Crossfit is not bad just as exercise is not bad. But overexertion with bad form is a recipe for injury. That is where crossfit culture could possibly be bad. It teaches maximum exertion with power lifting movements in many of it’s workouts. Not bad by itself, but not something I would suggest for a beginner that doesn’t know there own body or how far it can be pushed or when to stop or recognize how important form is when doing a deadlift.

    When I learned to weight lift I was taught to keep good form especially in the powerlifting movements like squats or deadlifts. Keep your head up and your back straight!

    I would recommend crossfit for anyone, but I would suggest beginners stay away from the workouts that involve powerlifting movements for time until they have done some normal workouts with just those movements. If your a beginner, you are not going to learn a proper clean and jerk in one workout let alone trying to do that exercise while exhausted from some other exercise just before it.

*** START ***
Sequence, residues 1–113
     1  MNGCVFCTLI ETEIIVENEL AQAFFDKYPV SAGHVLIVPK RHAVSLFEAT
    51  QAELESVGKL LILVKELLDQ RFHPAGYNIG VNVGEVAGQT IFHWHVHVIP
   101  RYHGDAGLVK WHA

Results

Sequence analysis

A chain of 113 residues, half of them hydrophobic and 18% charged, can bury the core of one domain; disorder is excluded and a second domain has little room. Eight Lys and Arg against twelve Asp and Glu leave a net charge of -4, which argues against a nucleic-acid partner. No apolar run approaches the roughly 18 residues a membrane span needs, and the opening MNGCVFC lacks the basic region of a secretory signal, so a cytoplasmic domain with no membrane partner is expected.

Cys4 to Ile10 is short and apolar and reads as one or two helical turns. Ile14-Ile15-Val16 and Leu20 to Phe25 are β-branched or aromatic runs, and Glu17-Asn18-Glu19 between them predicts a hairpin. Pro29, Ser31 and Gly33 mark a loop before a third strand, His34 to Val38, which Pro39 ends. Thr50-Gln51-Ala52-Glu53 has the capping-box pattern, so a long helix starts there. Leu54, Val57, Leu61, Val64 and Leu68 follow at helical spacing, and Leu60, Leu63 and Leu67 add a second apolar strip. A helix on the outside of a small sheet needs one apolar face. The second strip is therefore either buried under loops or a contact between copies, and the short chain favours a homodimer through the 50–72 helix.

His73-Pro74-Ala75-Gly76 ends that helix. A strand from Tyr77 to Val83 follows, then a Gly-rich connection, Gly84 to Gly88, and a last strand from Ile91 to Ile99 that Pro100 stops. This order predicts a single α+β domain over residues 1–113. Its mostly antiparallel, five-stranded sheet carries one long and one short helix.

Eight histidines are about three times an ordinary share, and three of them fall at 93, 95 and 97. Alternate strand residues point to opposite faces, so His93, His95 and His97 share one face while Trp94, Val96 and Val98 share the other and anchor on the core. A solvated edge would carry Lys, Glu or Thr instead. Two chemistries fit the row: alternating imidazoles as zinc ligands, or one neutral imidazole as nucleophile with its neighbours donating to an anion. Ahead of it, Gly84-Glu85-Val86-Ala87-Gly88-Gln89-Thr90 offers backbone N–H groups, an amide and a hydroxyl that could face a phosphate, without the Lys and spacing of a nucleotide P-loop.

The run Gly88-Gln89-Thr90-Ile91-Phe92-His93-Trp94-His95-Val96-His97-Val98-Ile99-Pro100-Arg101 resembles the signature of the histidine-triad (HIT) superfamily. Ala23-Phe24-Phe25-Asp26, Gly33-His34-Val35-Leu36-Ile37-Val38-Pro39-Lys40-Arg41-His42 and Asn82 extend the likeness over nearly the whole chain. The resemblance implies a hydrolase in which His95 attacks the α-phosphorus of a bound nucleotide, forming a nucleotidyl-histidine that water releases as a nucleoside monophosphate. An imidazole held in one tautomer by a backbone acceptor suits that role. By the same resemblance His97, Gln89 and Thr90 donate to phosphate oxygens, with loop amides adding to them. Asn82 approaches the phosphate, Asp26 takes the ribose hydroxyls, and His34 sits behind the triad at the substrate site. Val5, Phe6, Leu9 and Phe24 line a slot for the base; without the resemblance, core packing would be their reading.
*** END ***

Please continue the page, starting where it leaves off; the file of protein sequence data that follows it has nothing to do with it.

I think for the general population the goal is to be fit and healthy. Getting injured is the opposite of that. I think that is the main gripe with Crossfit. It’s not bad by itself but in the hands of bad trainer, it can be. But I guess that could be said of anything.


New profile pic courtesy of my self-caricature for the Scott Maiko penned article “Gotcha! Mug Shots of Common (but Despicable) Criminals” from MAD 550